The UN Human Rights Council at its session in Geneva passed a resolution against Sri Lanka that paves the way for an international investigation into allegations of war crimes in the final phases of the civil war in 2009.
Both the Sri Lankan government and the Liberation Tamil Tigers of Eelam rebels have been accused of committing atrocities during the war, but the conduct of government troops have been criticised due to the high level of casualties, with one UN report saying that about 40,000 civilians were killed by troops.
We ask two Sri Lankan experts whether the UN resolution will help bring reconciliation between the majority Sinhala community and the Tamil minority.
Cunning piece of work
Rajiva Wijesinha, Member of Parliament and Adviser on Reconciliation to the President. Former head of the Peace Secretariat and former secretary of the Human Rights Ministry.
|Rajiva Wijesinha [Al Jazeera]|
The resolution against Sri Lanka that the United States precipitated in Geneva was a very cunning piece of work. It dealt with a number of issues that are of concern to many Sri Lankans, but which are not material for such resolutions.
If every country, where there are worries about detainees or about attacks on other religions or transparency about inquiries, were to be subject to external investigation, the main sponsors of the motion would suffer.
What they did was introduce a hybrid to put maximum pressure on others in their clutches. They talked about reconciliation and the need for political progress, both of which we need to do much better on.
Thankfully India, which is most concerned about these, saw through the trap, and not only refused to vote for the motion, but pointed out how it would damage these priorities.
The United States had done something similar earlier, when former ambassador Robert Blake told an Indian politician that the US had found a way to pressurise Sri Lanka to move on those priorities. This was the former Army Commander Sarath Fonseka, who had previously been seen as a hardliner, but for whom they wanted the Tamil political party to vote.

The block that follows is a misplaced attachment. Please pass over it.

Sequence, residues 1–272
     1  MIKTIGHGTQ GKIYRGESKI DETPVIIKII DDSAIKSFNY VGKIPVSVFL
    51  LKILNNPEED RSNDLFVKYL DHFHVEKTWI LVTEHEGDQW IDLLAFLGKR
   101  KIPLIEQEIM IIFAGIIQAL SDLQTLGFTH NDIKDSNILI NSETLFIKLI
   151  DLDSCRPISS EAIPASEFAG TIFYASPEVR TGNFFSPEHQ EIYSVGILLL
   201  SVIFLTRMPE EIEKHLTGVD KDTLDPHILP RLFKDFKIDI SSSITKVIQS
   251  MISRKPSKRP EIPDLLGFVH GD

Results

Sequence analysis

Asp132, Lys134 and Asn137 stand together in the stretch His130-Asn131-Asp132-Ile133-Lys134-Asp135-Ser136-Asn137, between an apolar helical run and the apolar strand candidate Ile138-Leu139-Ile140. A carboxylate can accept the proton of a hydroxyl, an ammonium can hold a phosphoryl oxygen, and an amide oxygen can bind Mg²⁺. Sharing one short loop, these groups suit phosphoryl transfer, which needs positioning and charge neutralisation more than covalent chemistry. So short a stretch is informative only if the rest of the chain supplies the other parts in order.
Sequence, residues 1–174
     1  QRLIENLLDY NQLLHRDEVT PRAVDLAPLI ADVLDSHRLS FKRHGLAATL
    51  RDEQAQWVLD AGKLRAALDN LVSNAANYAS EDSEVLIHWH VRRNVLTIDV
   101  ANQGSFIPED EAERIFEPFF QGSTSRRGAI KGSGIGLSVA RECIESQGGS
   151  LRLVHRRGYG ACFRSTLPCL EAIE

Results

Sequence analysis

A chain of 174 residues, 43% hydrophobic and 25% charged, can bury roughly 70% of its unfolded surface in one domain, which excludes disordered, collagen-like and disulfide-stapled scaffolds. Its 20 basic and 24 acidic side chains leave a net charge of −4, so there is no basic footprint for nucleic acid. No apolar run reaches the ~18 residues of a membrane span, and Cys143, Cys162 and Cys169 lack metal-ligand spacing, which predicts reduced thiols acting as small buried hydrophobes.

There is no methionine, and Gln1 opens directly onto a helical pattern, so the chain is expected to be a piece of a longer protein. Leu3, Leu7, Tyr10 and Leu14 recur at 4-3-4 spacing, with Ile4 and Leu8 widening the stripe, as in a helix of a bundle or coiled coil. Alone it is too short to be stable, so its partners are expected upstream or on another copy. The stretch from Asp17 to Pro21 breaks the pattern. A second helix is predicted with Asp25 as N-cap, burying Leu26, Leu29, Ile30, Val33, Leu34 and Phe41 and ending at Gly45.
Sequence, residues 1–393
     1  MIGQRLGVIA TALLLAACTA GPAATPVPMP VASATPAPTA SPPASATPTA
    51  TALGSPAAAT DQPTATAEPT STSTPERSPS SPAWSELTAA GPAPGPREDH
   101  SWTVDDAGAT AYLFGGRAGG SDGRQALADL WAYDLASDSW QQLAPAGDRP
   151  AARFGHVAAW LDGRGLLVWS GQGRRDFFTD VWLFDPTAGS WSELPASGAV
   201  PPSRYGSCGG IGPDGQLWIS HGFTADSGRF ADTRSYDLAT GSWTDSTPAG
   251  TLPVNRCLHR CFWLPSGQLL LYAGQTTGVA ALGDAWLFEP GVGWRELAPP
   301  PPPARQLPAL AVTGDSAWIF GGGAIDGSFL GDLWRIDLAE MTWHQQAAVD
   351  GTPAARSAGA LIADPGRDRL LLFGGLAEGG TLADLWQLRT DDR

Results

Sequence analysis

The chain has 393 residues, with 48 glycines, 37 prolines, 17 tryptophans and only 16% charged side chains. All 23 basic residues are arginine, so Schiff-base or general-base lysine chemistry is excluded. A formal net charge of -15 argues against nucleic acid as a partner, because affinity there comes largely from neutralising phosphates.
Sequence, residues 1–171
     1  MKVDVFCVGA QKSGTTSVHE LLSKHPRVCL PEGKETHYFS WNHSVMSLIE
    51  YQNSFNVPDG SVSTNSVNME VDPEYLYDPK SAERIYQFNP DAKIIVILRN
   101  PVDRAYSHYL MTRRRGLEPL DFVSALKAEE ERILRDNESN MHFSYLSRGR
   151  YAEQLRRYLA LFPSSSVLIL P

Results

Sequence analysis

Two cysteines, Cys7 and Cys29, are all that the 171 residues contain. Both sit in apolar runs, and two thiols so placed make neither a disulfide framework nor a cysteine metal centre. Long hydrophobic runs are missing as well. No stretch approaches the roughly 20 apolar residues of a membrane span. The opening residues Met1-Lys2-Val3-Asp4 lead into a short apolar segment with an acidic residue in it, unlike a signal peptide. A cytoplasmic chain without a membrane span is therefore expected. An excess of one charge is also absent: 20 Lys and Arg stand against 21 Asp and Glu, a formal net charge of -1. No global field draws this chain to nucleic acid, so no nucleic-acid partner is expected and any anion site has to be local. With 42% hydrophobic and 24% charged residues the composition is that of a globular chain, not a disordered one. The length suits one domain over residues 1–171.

The decision of the Tamil National Alliance to go along with Fonseka proved a disaster, since it led to deep distrust on the part of government. I myself think we should get over that worry, and with Indian support negotiate more positively.
But I do worry as to whether the US manoeuver was only because of ignorance or whether they had more sinister motives. After all, they have worked elsewhere with hardliners, where they want to polarise, assuming they can deal with the consequences, and then walking away when the consequences prove disastrous.
In this case, their insistence on war crimes accountability as opposed to asking for swifter progress and greater transparency with regard to implementation of our own Lessons Learnt and Reconciliation Commission (LLRC) recommendations will strengthen hardliners in the diaspora who still want a separate state, and hardliners in government who think that greater devolution will contribute to separatism.
Remembering how the West likes bite-sized chunks, beginning with partition in India and Palestine, going on to Serbia and Sudan, I think we need to worry. But we need also to understand that the best defence is reconciliation among our own people, with support from the region, so as not to play into their hands.
Prospect of genuine reconciliation